Knives Out (2019)
Directed by Rian Johnson
Something is afoot in Rian Johnson’s old-school whodunnit, “Knives Out.” After celebrated mystery author Harlan Thrombey (Christopher Plummer) is found in his room with his throat slashed, the coroner’s opinion is that it was a suicide. But a few days later, the Massachusetts patriarch’s large, dysfunctional family, his nurse, and his housekeeper are all called into the home by two cops and a P.I. with a smooth southern drawl (Daniel Craig) who suspects foul play.
This set-up is so ripe for mystery, because memory is fallible. Even when the family members try to tell the truth (and sometimes, they don’t), they sometimes misremember the details. This leaves open the possibility that you, the viewer, might solve the crime before anyone else can. But good luck. Is that even the goal? Do you want to guess the ending, or do you want to try to guess the ending but ultimately not succeed? I’m much more impressed by the movies that give viewers a fighting chance, but ultimately come out on top. “Knives Out” strikes that rare balance. Some mystery movies have one big twist, usually at the height of the action—but if you guess it, it loses all effectiveness. Others have so many impossibly unpredictable twists, they rarely even make sense in the end. “Knives Out” is, mercifully, right in the middle. It’s not just a whodunnit, but a howdunnit and whydunnit, too. So, even if you do guess a piece of it, you’ll likely still find something that shocks you. I left the theater kicking myself, because “Knives Out” lets you think you could’ve guessed it. Few murder mysteries feel this perfectly thought-out.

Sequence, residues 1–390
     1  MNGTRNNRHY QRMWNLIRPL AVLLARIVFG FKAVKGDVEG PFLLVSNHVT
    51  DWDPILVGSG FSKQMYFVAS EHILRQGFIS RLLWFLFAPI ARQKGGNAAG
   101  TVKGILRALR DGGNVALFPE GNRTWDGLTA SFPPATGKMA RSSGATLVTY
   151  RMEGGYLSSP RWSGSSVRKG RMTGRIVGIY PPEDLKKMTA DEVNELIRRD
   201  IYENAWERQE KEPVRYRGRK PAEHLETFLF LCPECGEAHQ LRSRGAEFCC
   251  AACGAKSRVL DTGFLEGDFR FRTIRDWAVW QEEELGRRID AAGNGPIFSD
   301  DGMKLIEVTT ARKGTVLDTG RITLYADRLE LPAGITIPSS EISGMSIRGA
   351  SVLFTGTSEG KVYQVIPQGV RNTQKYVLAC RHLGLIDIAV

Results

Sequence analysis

“Knives Out” also boasts the most brilliantly assembled cast of the year. As the Thrombey family patriarch, Christopher Plummer is as wonderful as ever. He doesn’t get as many scenes as the others (for obvious reasons), but in one lengthy flashback in particular he shows why he’s still considered one of the world’s greatest talents. As the legend nears his eighth decade making movies, one of his co-stars is just getting started. Spanish actress Ana de Armas (“Blade Runner 2049”), playing Harlan’s nurse, gives a breakout performance. Daniel Craig seems like he lives for the eccentric roles he’s taken lately in “Logan Lucky” and “Knives Out.” It’s hard not to love watching a consummate actor like Craig brandish such absurd, non-Bond-like accents. Playing various members of Harlan’s family are Jamie Lee Curtis, Don Johnson, Chris Evans, Toni Collette, and Michael Shannon, who are great choices separately but round out the year’s best ensemble by feeding off each other.
“Knives Out” serves up plenty of drama, even more laughs, and more secrecy than the entire rest of the 2019 slate of movies combined. Take my word for it. It’s a blast.